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Adjectives of Chinese

Studying the Chinese Adjectives is incredibly crucial since its construction is utilized in every day conversation. The more you practice speaking it, the closer you will get to master it. But firstly we have to understand what the role of Adjectives is in the construction of the grammar in Chinese.
Chinese Adjectives are words that describe or modify another person or thing within the sentence.
 
Before nouns
 
Whenever a noun is modified using an adjective, the associative particle de () is inserted between the adjective and the noun. For example, gao1 xing4 de hai4 zi (高兴的孩子) which means "happy child". De () is at times omitted to cut back repetitiveness; it is also omitted in some established adjective-noun pairs to enhance sentence movement (e.g., the TV show 快乐中国). It is also more common to omit 的 when a single-syllable adjective is used than for a multi-syllable adjective. Normally, there are no rigid guidelines regarding when 的 could be omitted; therefore, some adjectives and adjective-noun pairs are a lot more usually witnessed without the associative particle than others.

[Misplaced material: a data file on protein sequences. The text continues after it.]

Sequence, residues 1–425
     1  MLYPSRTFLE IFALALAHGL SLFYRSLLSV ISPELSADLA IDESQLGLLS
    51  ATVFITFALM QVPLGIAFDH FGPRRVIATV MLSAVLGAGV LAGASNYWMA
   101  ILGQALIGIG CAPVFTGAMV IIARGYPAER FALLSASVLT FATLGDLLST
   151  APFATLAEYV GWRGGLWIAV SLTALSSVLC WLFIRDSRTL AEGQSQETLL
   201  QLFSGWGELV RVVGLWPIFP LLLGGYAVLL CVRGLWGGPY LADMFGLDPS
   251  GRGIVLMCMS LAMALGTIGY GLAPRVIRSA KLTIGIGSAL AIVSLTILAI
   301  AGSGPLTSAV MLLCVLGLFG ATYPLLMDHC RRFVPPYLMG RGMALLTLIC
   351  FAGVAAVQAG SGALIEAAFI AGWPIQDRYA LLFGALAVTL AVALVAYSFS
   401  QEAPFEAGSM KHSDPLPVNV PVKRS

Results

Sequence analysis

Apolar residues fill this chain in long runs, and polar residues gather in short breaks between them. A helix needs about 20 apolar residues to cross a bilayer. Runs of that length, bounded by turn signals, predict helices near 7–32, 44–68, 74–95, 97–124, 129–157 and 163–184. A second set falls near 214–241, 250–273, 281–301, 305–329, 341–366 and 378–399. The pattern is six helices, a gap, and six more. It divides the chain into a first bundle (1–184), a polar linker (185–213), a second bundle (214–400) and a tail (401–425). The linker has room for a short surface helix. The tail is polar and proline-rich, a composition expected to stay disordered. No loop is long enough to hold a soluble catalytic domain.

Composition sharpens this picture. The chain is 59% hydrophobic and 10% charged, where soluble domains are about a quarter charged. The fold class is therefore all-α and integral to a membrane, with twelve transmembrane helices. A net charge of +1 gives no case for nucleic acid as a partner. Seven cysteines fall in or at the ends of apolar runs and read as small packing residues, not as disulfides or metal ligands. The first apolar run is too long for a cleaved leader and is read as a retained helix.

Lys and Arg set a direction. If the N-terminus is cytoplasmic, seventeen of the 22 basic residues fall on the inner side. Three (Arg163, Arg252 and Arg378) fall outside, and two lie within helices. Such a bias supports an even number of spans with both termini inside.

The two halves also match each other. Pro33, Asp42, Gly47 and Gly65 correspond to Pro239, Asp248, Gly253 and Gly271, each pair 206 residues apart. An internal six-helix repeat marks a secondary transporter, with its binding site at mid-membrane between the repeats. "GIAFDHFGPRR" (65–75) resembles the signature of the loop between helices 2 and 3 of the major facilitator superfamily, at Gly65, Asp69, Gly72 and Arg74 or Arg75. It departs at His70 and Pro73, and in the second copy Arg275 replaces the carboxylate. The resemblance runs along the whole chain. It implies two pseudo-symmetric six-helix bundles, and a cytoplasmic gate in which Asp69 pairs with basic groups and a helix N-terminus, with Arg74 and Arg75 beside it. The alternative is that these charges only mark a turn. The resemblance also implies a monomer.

After nouns
First pattern
 
As opposed to English, topics and predicate adjectives in a Chinese sentence aren't linked by copula but by degree adverbs, such as as hen "very," hao3 "highly," zhen1 "really," and 非常 fei1 chang2 "extraordinarily, extremely." For instance, the following sentences express escalating degrees of "clear":
 
ta1hen3聪明cong1 ming)。
He is clear.
他好(hao3)聪明cong1 ming)。
He is very clear.
ta1(zhen1)聪明cong1 ming)。
He is really clear
(ta1)非常(fei1 chang2)聪明cong1 ming)。
He is extraordinarily clear.
 
A complementary adverb (e.g. 极了 jí le) can also specify the degree of an adjective:
(ta1)聪明(cong1 ming)极了(ji2le)。
He is extraordinarily clever.
 
Hen () often functions as a dummy linking adverb and doesn't carry the meaning of "very". For instance, 他很聪明 is often understood and translated as "She is beautiful".
 
Apart from that, in colloquial Chinese the pattern "AA死了" (si3 le, literally "to death") or "AA死BB了" is occasionally utilized in exaggeration to highlight the extent of impact, where AA is an adjective and BB may be the thing becoming impacted. Examples include
 
"冷死了" ( leng3= cold) - meaning "It's so hot [to the extent that I cannot bear any more]"
"饱死了" (bao3 = full) - meaning "[I feel] so full [to the extent that I cannot bear any more]"
"热死我了" - meaning "I feel so hot [to the extent that I cannot bear any more]"
 
Second pattern
 
The linking verb shi 4(to be) (to become) is employed with adjectives in the pattern-Noun + + Adj. + 的 to state or emphasize a fact or a perceived simple fact. As an example:
 
wo3shi4xin1lai2de)。
I am new here.
(na4)(jian4)衣服(yi1 fu2)(shi4)(xin4)(de)。
That is a new cloth.
(na4)(zhi1)(mao1)(shi4)(wo3)(jia1)(de)。
That is my cat.